Southwest Virginia Community College Emergency Records Management Program Southwest Virginia Community College Emergency Records Management Program January 7, 2014 1 Records Disaster Preparedness Plan The college is responsible for insuring that there is a plan for the protection

More information

Collections Disaster Response Plan Camden-Carroll Library Morehead State University

Collections Disaster Response Plan Camden-Carroll Library Morehead State University Collections Disaster Response Plan Camden-Carroll Library Morehead State University Revised December 2009 At a Glance This manual is a guide for collections disaster response, and is in no way intended

More information

Emergency Salvage of Textiles and Clothing FEDERATION FILES. A Publication Service of the Federation of Historical Services. Reprinted, in part, from

Emergency Salvage of Textiles and Clothing FEDERATION FILES. A Publication Service of the Federation of Historical Services. Reprinted, in part, from Emergency Salvage of Textiles and Clothing FEDERATION FILES A Publication Service of the Federation of Historical Services Reprinted, in part, from DISASTER PREVENTION, PREPAREDNESS AND RECOVERY Special

More information

Rescuing Water Damaged Photos

Rescuing Water Damaged Photos E-GUIDE Rescuing Water Damaged Photos Suddenly, the inconceivable happens: The perfect moments you ve captured in photographs are damaged as a result of a spill, a broken water pipe or a flood. Panic strikes

More information

Carlson Library April 2007

Carlson Library April 2007 Carlson Library April 2007 DISASTER RECOVERY MANUAL CONTENTS COLLECTION PRIORITY TEAM.. 3 DAMAGE ASSESSMENT.. 5 DISASTER RECOVERY SUPPLY KIT.. 2 EXTERNAL RESOURCE PHONE NUMBERS.. 4 FIRE RECOVERY..... 17

More information

PROTECTING AND SALVAGING COLLECTIONS IN AN EMERGENCY

PROTECTING AND SALVAGING COLLECTIONS IN AN EMERGENCY PROTECTING AND SALVAGING COLLECTIONS IN AN EMERGENCY The following sections give basic emergency procedures for stabilizing artifacts involved in a disaster or an emergency. These procedures will stabilize

More information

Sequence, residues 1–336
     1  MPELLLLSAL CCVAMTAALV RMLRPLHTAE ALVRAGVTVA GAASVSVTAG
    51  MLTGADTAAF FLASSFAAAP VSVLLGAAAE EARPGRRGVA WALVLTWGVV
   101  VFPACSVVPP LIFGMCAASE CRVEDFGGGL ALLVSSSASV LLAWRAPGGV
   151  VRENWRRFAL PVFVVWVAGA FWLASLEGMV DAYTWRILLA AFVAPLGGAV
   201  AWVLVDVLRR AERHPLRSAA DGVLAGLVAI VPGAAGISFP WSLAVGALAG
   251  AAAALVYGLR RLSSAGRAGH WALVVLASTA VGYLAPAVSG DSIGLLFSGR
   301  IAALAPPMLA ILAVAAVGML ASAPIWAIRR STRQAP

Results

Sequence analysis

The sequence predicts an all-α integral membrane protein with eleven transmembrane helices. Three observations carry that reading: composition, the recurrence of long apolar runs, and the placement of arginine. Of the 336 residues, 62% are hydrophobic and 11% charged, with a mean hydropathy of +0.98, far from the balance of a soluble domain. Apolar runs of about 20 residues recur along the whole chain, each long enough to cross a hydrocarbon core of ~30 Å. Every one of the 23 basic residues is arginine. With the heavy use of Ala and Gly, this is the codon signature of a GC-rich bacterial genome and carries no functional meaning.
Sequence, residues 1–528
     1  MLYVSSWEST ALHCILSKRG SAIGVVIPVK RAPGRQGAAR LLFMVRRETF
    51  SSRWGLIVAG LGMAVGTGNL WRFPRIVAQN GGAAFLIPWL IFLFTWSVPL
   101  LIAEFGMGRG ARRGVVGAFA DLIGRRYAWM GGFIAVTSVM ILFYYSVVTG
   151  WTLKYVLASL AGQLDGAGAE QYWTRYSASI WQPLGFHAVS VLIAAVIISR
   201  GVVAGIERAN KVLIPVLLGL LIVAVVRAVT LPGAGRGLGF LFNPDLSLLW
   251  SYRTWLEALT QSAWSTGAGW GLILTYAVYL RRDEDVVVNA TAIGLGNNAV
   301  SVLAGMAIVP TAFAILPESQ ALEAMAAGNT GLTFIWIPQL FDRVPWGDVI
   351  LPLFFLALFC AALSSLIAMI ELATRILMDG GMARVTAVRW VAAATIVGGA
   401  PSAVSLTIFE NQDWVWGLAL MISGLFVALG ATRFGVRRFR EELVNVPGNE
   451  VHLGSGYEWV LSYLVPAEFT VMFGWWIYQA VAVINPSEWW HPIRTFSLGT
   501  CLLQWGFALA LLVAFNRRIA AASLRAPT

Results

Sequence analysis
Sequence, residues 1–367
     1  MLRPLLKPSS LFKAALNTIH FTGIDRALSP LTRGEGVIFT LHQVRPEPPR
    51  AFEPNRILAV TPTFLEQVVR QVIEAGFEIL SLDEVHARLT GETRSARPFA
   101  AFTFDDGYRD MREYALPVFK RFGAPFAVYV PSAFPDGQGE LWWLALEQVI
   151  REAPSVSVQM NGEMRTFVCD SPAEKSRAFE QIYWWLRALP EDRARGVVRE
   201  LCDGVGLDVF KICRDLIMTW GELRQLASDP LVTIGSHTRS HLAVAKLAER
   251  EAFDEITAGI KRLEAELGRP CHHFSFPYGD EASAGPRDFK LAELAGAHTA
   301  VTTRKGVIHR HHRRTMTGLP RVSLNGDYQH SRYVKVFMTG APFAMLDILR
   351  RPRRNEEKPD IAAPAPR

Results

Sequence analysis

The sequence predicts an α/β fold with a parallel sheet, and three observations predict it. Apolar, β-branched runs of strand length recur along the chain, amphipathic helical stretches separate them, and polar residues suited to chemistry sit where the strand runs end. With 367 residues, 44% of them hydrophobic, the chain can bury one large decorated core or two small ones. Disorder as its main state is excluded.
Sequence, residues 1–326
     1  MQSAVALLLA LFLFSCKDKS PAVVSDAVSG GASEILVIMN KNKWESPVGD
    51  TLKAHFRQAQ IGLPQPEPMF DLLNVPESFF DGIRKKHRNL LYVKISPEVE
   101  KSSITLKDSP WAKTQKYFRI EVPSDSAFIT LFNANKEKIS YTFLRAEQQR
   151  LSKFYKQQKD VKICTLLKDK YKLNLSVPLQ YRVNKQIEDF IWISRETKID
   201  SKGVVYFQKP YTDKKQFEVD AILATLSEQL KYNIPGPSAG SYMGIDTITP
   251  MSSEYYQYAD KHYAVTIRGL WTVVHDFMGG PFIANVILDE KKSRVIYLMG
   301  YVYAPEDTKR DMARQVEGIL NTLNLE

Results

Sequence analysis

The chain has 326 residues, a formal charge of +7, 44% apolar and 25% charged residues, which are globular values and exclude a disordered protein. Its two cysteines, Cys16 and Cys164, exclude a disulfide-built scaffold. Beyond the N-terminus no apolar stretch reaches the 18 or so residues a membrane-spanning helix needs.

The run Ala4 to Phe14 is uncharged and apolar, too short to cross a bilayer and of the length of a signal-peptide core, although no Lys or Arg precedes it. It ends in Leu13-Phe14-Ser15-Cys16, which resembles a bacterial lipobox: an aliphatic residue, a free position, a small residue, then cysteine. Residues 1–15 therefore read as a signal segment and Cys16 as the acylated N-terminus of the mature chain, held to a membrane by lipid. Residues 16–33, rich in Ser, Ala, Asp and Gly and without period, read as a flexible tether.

What to do when bad things happen to good homes.

What to do when bad things happen to good homes. What to do when bad things happen to good homes. Your home deserves the best. We can deliver it, starting with expert advice on how to immediately prevent more damage. When fire, smoke or water unexpectedly

More information

DISASTER PREPAREDNESS AND RECOVERY FOR WORKS OF ART ON PAPER

DISASTER PREPAREDNESS AND RECOVERY FOR WORKS OF ART ON PAPER BISHOP MUSEUM Art Conservation Handout DISASTER PREPAREDNESS AND RECOVERY FOR WORKS OF ART ON PAPER Introduction We all know Hawai'i is not immune to natural disasters such as hurricanes, earthquakes,

More information

Clean Water: Supply side potable water, not wastewater. Gray Water/Sewage: Wastewater originating from a drain (sink, toilet, urinal).

Clean Water: Supply side potable water, not wastewater. Gray Water/Sewage: Wastewater originating from a drain (sink, toilet, urinal). Procedures for Emergency Responses to Flooding and Building Water Intrusion PURPOSE: To establish uniform, sanitary, and systematic procedures for responding to flooding and water intrusion emergencies.

More information

University of Vermont

University of Vermont University of Vermont Department of Physical Plant Burlington, Vermont WATER INTRUSION GUIDELINES In accordance with: IIRC S500 IIRC S520 EPA Document 402-K-01-001 REVISED AND DISTRIBUTED BY: THE UNIVERSITY

More information

AIMH Disaster Plan Amelia Island Museum of History 233 S. 3rd Street Fernandina Beach, FL 32034 Prepared by: Gray Edenfield

AIMH Disaster Plan Amelia Island Museum of History 233 S. 3rd Street Fernandina Beach, FL 32034 Prepared by: Gray Edenfield AIMH Disaster Plan Amelia Island Museum of History 233 S. 3rd Street Fernandina Beach, FL 32034 Prepared by: Gray Edenfield Last Updated: 3/4/2013 Chapter INTRODUCTION General Information This disaster

More information

The Museum of Modern Art November 2012. Immediate Response for Collections

The Museum of Modern Art November 2012. Immediate Response for Collections The Museum of Modern Art November 2012 Immediate Response for Collections Before moving any art object: 1. Select the nearest safe location. 2. Determine how the art object can be most safely handled.

More information

Disaster Recovery Plan by Michael McColgin

Disaster Recovery Plan by Michael McColgin Disaster Recovery Plan by Michael McColgin PREFACE Public libraries are, with few exceptions, concerned with current information, be it the latest romance, the newest edition of a reference book or internet

More information

DISASTER RECOVERY STEPS TO TAKE IN RECOVERY EFFORT

DISASTER RECOVERY STEPS TO TAKE IN RECOVERY EFFORT DISASTER RECOVERY STEPS TO TAKE IN RECOVERY EFFORT Damage Assessment 1. Contact local emergency operations center to register claim for relief. 2. Contact property/casualty insurer. Review policy, talk

More information

22 Cleaning & Restoration March/April 2012 www.restorationindustry.org

22 Cleaning & Restoration March/April 2012 www.restorationindustry.org $9.00 March/April 2012 Vol. 49 No. 3 Published by the Restoration Industry Association Restoring Documents After Water Damage Working in the Creativity Age Mold Testing: The Old, the New, the Useful The

More information

THE MELVILLE AND BRANCH LIBRARIES EMERGENCY RESPONSE MANUAL STATE UNIVERSITY OF NEW YORK, STONY BROOK EMERGENCY RESPONSE PLANNING TEAM.

THE MELVILLE AND BRANCH LIBRARIES EMERGENCY RESPONSE MANUAL STATE UNIVERSITY OF NEW YORK, STONY BROOK EMERGENCY RESPONSE PLANNING TEAM. THE MELVILLE AND BRANCH LIBRARIES EMERGENCY RESPONSE MANUAL STATE UNIVERSITY OF NEW YORK, STONY BROOK EMERGENCY RESPONSE PLANNING TEAM January 2010 Planning Team: John Amrhein Josephine Castronuovo Dianne

More information

Arizona State Library, Archives and Public Records. Disaster Planning for Governments in Arizona